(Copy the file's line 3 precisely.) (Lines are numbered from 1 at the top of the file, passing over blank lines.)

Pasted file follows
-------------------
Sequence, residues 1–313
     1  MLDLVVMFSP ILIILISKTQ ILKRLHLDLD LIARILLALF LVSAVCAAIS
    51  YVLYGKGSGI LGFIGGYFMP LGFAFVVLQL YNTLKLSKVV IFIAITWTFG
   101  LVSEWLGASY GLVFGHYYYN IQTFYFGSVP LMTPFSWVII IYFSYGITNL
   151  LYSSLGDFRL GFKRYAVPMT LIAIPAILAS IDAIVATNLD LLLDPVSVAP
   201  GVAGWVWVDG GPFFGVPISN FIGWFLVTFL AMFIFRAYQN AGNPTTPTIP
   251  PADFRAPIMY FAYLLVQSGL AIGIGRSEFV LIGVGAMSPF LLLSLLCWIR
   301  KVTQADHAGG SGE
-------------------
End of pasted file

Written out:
    51  YVLYGKGSGI LGFIGGYFMP LGFAFVVLQL YNTLKLSKVV IFIAITWTFG